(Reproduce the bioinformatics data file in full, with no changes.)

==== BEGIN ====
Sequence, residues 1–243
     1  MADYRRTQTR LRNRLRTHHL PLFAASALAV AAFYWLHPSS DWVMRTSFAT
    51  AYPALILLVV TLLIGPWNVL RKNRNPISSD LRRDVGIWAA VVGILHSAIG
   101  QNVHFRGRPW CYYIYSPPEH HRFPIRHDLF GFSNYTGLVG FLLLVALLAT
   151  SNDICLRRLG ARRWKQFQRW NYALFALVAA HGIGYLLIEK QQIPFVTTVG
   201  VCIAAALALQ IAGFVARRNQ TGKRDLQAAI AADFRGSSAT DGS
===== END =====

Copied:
Sequence, residues 1–243
     1  MADYRRTQTR LRNRLRTHHL PLFAASALAV AAFYWLHPSS DWVMRTSFAT
    51  AYPALILLVV TLLIGPWNVL RKNRNPISSD LRRDVGIWAA VVGILHSAIG
   101  QNVHFRGRPW CYYIYSPPEH HRFPIRHDLF GFSNYTGLVG FLLLVALLAT
   151  SNDICLRRLG ARRWKQFQRW NYALFALVAA HGIGYLLIEK QQIPFVTTVG
   201  VCIAAALALQ IAGFVARRNQ TGKRDLQAAI AADFRGSSAT DGS